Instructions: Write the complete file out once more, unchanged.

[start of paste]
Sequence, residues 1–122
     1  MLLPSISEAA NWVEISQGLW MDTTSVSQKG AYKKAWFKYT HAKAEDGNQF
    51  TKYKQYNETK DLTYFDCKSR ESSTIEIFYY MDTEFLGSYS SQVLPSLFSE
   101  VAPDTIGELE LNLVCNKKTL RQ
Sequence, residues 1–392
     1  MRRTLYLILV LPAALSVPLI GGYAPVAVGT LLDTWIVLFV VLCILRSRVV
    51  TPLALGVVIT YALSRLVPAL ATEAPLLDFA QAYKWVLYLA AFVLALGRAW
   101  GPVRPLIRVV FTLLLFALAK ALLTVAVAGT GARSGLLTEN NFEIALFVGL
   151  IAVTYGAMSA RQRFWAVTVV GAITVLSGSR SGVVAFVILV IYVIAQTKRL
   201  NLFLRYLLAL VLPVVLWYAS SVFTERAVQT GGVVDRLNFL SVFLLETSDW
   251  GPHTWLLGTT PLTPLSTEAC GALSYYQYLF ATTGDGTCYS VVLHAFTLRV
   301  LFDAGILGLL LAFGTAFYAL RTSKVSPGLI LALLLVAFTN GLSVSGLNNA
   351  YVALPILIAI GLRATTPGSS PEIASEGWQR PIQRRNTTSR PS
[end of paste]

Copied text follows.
Sequence, residues 1–122
     1  MLLPSISEAA NWVEISQGLW MDTTSVSQKG AYKKAWFKYT HAKAEDGNQF
    51  TKYKQYNETK DLTYFDCKSR ESSTIEIFYY MDTEFLGSYS SQVLPSLFSE
   101  VAPDTIGELE LNLVCNKKTL RQ
Sequence, residues 1–392
     1  MRRTLYLILV LPAALSVPLI GGYAPVAVGT LLDTWIVLFV VLCILRSRVV
    51  TPLALGVVIT YALSRLVPAL ATEAPLLDFA QAYKWVLYLA AFVLALGRAW
   101  GPVRPLIRVV FTLLLFALAK ALLTVAVAGT GARSGLLTEN NFEIALFVGL
   151  IAVTYGAMSA RQRFWAVTVV GAITVLSGSR SGVVAFVILV IYVIAQTKRL
   201  NLFLRYLLAL VLPVVLWYAS SVFTERAVQT GGVVDRLNFL SVFLLETSDW
   251  GPHTWLLGTT PLTPLSTEAC GALSYYQYLF ATTGDGTCYS VVLHAFTLRV
   301  LFDAGILGLL LAFGTAFYAL RTSKVSPGLI LALLLVAFTN GLSVSGLNNA
   351  YVALPILIAI GLRATTPGSS PEIASEGWQR PIQRRNTTSR PS